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What’s the Difference Between eAG and A1C?

When your older family member is tested for high blood sugar, you may hear the doctor refer to the results of the test as A1C or eAG. If the older adult has seen more than one doctor, you may have even heard both terms used. That could leave you wondering if there’s a difference between the two and, if so, what is it?

 

Home Health Care in Johns Creek GA: Difference Between eAG and A1C

Home Health Care in Johns Creek GA: Difference Between eAG and A1C

 


What is A1C?

The A1C blood test is used to determine how well blood glucose has been controlled over the last few months. It is used to test for diabetes and to see how well a person’s diabetes treatment is working. To determine A1C the test measures the amount of glucose that is attached to hemoglobin, which is a protein found in red blood cells. Red blood cells live in the bloodstream for about 4 months, so by measuring glucose attached to blood cells, doctors are able to determine an average blood glucose level.

Because daily blood glucose readings can vary based on the activity a person engages in and the foods they eat, an A1C test gives doctors a more accurate idea of how well treatment is working. It also helps to determine whether the patient’s self-tests have been accurate. In addition, doctors can use the test results to talk to patients about how the lifestyle choices they make affect their blood sugar.


What is eAG?

eAG is very similar to A1C in that it offers an average reading of blood sugar. However, it is often easier for people with diabetes to understand because the results are reported in the same way blood sugar monitors report the results of tests taken at home.

A1C reports the percentage of red blood cells that have glucose attached to them. For most people, it’s hard to figure out how that reading corresponds to what they see on their monitors. Fortunately, researchers determined a way to use the results of the A1C test to calculate an estimated average glucose, or eAG, that looks the same as what patients see on their home monitors.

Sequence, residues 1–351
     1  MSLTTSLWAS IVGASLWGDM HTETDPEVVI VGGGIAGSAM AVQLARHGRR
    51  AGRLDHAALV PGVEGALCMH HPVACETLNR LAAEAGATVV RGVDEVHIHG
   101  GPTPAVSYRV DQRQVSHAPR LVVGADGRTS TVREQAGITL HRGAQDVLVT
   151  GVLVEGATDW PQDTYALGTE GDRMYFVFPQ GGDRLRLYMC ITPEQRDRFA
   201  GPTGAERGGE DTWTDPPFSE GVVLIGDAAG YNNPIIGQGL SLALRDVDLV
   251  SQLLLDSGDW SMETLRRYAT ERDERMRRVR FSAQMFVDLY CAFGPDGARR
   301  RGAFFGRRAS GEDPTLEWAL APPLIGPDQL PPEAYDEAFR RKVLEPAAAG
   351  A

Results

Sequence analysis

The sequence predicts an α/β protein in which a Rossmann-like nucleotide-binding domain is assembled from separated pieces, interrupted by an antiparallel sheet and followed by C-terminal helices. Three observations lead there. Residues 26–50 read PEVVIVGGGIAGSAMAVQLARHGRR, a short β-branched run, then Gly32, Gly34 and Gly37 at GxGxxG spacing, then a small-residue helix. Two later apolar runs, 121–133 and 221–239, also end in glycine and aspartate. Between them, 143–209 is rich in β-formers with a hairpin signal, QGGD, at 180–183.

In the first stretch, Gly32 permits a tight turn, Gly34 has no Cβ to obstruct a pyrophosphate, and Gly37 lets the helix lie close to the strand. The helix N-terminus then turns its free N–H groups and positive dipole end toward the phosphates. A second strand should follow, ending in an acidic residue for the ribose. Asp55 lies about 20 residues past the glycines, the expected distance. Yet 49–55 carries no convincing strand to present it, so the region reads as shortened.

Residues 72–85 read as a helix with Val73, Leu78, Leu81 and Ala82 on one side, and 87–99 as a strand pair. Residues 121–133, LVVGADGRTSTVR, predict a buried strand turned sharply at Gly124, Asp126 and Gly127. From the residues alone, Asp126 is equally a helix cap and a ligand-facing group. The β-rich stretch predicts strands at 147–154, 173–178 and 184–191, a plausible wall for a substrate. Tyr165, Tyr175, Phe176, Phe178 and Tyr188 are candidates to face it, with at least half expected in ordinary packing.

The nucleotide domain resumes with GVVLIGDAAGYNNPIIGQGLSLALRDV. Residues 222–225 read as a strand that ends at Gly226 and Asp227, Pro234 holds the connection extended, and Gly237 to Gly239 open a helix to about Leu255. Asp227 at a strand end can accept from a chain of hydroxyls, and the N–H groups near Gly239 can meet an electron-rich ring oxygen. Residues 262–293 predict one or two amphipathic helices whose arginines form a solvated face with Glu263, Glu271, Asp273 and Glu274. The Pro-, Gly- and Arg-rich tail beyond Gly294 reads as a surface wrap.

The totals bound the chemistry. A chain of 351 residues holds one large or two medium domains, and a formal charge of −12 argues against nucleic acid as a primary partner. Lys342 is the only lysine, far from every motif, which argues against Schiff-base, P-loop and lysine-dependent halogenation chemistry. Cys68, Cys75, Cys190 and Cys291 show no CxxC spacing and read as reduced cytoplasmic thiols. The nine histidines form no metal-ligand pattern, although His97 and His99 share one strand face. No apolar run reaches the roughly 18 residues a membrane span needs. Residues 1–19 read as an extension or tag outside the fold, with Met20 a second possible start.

Regardless of how the results are reported, it’s important that older adults with diabetes know how well their treatment plan is working and what they can do to improve their numbers. Senior care can assist them to take the appropriate steps. A senior care provider can plan and cook healthy meals that follow the eating guidelines suggested by the doctor or dietician. Senior care providers can also increase physical activity in your aging relative by keeping them busy around the house, going for walks with them, or taking them to an exercise class designed for older adults.

 

The staff at Home Care Matters is available to talk with you and your family about all of your needs. Home Care Matters is a home care agency providing quality and affordable Home Health Care in Johns Creek, GA, and surrounding areas. Call (770) 965.4004 for more information.

 

Source:
Diabetes.org
Kaiserpermanente.org
Verywellhealth.com

 

Valerie Darling, Founder, Owner

Founder, Owner at Home Care Matters
Valerie Darling is the founder & owner of Home Care Matters. It was through Valerie’s own personal experience of caring for her mother, Dee Darling, for 5 yrs that the business was born.

Valerie has 30 yrs of Corporate experience with Fortune 100-500 companies in Sales, Customer Service, & Senior Management. She has taken that professional experience along with a personal vision of how to provide a better experience, service & quality of care. She determined that the best way to do this was to start a local, community-based business that is personalized, customized, with heart-felt care & a passion for people (both clients & caregivers) & is obsessed with service.

‘Our goal is to have clients stay independent in their own homes, where they are happiest, by providing a safe, nurturing, & safe environment.’ Valerie’s mom Dee laid expectations for her own personal caregivers, and we provide the same expectations for your family.


Clients & caregivers can meet before starting our care program and you can give your caregiver your own "DEE" Test:
"If we wouldn’t want them caring for our mom, then we’re not placing them with yours". We are firm believers in personality compatibility along with the skill requirements for a personal placement & we hire based upon that rather than just a ‘warm body’.